Mummy of a man


These Egyptian mummies may well have been the first ever seen in Europe. A traveller brought them to Rome in the seventeenth century, and later they were acquired by August the Strong. Unusually, the mummies do not have death masks, but portraits of the deceased painted directly onto the linen bandages. The high status of the figures is underlined by the exquisite gold jewellery. Both of these figures lived in the third or fourth century AD in the major city of Memphis, at that time part of the Roman Empire. They are also painted as Romans, yet were among the last followers of the Ancient Egyptian gods, venerated for thousands of years. Their beliefs are evident from the traditional vulture goddess Nekhbet* protecting the man’s chest. In Memphis, many of their neighbours would have worshipped the Roman deities, or practiced the Jewish or Christian faiths.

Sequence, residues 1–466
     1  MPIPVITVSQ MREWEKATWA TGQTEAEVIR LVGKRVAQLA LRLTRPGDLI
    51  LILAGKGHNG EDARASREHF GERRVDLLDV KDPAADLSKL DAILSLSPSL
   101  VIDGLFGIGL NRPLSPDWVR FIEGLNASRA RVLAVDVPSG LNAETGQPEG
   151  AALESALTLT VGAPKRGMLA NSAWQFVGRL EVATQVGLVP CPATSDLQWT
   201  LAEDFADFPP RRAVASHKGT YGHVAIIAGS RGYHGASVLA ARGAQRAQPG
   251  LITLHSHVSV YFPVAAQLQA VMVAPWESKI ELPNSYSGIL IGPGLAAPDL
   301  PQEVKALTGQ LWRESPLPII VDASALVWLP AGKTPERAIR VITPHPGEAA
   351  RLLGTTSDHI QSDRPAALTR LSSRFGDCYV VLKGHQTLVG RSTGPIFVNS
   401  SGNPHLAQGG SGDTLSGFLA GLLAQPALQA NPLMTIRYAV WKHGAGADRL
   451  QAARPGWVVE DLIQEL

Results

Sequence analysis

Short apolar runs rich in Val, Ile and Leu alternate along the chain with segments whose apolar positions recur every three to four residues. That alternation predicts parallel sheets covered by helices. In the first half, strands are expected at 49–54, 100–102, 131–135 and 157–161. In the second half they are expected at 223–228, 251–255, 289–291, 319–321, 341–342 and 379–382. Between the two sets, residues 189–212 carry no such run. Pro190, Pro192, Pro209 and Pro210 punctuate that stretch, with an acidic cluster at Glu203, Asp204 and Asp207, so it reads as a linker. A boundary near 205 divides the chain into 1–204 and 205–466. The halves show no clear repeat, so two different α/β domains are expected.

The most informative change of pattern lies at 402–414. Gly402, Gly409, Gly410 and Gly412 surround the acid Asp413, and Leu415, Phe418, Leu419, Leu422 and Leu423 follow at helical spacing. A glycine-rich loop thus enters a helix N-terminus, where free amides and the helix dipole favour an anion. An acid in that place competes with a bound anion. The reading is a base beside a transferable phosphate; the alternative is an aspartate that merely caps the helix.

Material & Technique
Linen, stucco, painted and gilt, mummified body
Late 3rd to mid- 4th cent. CE
Inventory number
Aeg 777